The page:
6-Day Adult 1 Park Per Day Ticket Pricing
7-Day Adult 1 Park Per Day Ticket Pricing
8-Day Adult 1 Park Per Day Ticket Pricing
9-Day Adult 1 Park Per Day Ticket Pricing
10-Day Adult 1 Park Per Day Ticket Pricing
Effect on Crowd Levels
We ran a quick Twitter poll asking whether families will move their Disney vacation to cheaper dates. 16% of those who responded said they would; another 30% said they would think about it.
Moving dates definitely makes sense for some families. The cost of 3- to 6-day adult ticket – the most common tickets sold – varies by $51 to $69 throughout the year. Moving dates might save a family of 4 around $200 to $260.
However, it’s one thing to say you’ll move dates; it’s another to take your children out of school to save $200. After all, most guest travel dates are driven by work and school schedules. Also, lodging and travel costs have been date-based for years and people still travel during peak season. Most people travel when it is convenient, despite the cost. That won’t change.
If the true purpose of Disney’s date-based pricing is to evenly distribute crowds, Disney should do two things: First, make the difference in prices more dramatic, either by increasing prices during peak periods, or reducing prices during slower times. Second, Disney should provide refunds to guests who purchased tickets for higher-cost dates and then moved to lower-cost dates. Right now, Disney doesn’t provide this refund. That eliminates the incentive for families who’ve bought higher-crowd tickets to move to slower times of the year.
We don’t think the price hikes are done. Over the last few years, Disney has announced ticket price increases in February. We expect another price hike in February 2019.
Also, it’s no accident that Disney’s new ticket calendar shows prices through December 16, 2019. Disney’s much-hyped new Galaxy’s Edge land is supposed to open in “Late Fall 2019”, and fall ends on Saturday, December 21, 2019 – right before the traditionally busiest week of the year at Walt Disney World.
We’re pretty sure that Disney intentionally didn’t display ticket prices for when Galaxy’s Edge will open, because that will include another price hike. That is, we think there will be at least two more ticket price increases between today and when Galaxy’s Edge opens in 2019.
We also wouldn’t be surprised to see Hollywood Studios get its own separate “surge pricing” calendar when Galaxy’s Edge opens. If Disney truly wants to distribute crowds evenly, it won’t make sense to charge the same for Hollywood Studios with its new, cutting-edge Galaxy’s Edge land, as for Epcot, a park desperately waiting for updated and new attractions.
Have any comments or questions about the new pricing system? Let us know below.
10 thoughts on “How Disney World’s New Date-Based Ticket Pricing Will Affect You”
If you already have tickets purchased for next year, are you grandfathered in or will they be altering the prices on my reservation?
Thanks to Steve and team for this analysis.
The ultimate question for me is how this new system will affect the availability and pricing of discounted tickets through places like UndercoverTourist. For people who only buy direct through Disney the analysis above would be very helpful, but taking away discounted ticket options (if they do) means far more to my budget than a change in the retail price.
We have no reason to believe that Disney has stopped working with authorized ticket resellers, and it is likely that you’ll see resellers offering these “new” date-specific Disney World tickets by the end of this month. In the meantime, some vendors continue to sell the “old” tickets. Others have stopped selling tickets while they transition to new offerings.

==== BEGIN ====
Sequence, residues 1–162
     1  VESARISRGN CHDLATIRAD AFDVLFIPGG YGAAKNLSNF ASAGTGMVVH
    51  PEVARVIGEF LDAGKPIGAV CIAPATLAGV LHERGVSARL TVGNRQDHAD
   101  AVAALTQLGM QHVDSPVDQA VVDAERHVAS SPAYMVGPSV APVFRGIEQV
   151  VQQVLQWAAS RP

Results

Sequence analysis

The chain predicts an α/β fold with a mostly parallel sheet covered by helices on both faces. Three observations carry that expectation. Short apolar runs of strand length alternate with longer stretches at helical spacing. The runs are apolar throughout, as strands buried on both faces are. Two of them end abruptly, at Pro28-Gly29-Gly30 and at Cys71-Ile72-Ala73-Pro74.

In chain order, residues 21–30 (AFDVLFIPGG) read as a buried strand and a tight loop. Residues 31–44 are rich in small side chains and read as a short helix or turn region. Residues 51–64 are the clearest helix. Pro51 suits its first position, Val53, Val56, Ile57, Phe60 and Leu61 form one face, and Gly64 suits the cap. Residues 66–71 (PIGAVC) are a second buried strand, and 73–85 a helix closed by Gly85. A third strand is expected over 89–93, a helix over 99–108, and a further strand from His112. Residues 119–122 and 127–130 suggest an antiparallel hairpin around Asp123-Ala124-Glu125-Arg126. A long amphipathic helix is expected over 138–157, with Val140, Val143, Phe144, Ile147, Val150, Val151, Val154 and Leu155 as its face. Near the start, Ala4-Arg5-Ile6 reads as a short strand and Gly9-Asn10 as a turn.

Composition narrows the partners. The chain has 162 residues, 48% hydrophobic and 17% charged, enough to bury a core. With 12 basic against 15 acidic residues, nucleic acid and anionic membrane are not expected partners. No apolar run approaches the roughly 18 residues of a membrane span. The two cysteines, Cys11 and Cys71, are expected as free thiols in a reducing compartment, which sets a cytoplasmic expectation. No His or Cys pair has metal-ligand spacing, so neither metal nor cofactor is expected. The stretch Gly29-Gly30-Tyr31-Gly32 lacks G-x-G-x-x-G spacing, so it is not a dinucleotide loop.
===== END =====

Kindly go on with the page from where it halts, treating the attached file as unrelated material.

Even if you buy from an authorized reseller, though, this post’s analysis may be of interest: the discounted prices will likely track Disney’s prices in some way.
Thanks for the deep-dive Steve (and team)! Who else would put in the effort to crack the code of how these prices are being generated, AND post that analysis for all to see free of charge? This is exactly why my touringplans membership is a no-brainer.
I know it’s outside the scope of the article, but did you determine how park hopper upgrades are priced now? Is it a fixed amount based on length of ticket? A multiplier on the base ticket cost?
Your suggestion at the end, that Disney should offer refunds for people who exchange already-bought tickets for cheaper ones, is an interesting one. The old system wouldn’t give you a refund to downgrade a 6-day ticket to a 4-day, and obviously the new one never will either. It would also be surprising to see Disney issuing outright cash refunds. However, what about “store credit” (as it were)? If a family buys 5-day tickets for December, and then has second thoughts and wants to move to November, they could offer them a Disney gift card or resort account credit for the difference. The family doesn’t get their money back, but they also don’t “lose” anything by using their tickets in a lower tier season.
As before the October 16 changes, adding on the Park Hopper or Park Hopper Plus options costs a fixed amount more than a 1 Park Per Day Ticket. These add-on costs vary by ticket length but NOT by date.
Another way to say this is that the difference in price between a 5-day Park Hopper Ticket and a 5-day 1 Park Per Day ticket is the same ($75 plus tax) on December 31 as it is on August 31.
+$55 for 1-day ticket
+$65 for 2- or 3-day ticket
+$75 for 4- to 10-day ticket
Park Hopper Plus costs an additional $25 on top of the Park Hopper upgrade.
(The add-on costs listed in this comment do NOT include taxes.)
This new pricing system is clunky, confusing, and too clever by half.
So to get the best value, can you purchase tickets starting on the cheapest date that will allow you to use the tickets all of your intended days regardless of your check-in date? Or do you have to use the ticket on the first day? Say I check in on Friday and my first park day is Saturday but it is cheapest to start my tickets on the previous Tuesday. Is that ok? What about the other way? I check in on Tuesday but won’t hit a park until Friday. If I buy a ticket with a start date of Friday, will my FPP window still open on Tuesday? It’s only a few $$ difference overall per ticket, but when buying for a large party, saving $100 is always good. 🙂
If not part of a package, you can purchase your park tickets for a different start date. Your FastPass+ window is based on your check-in date, regardless of the type of ticket you have.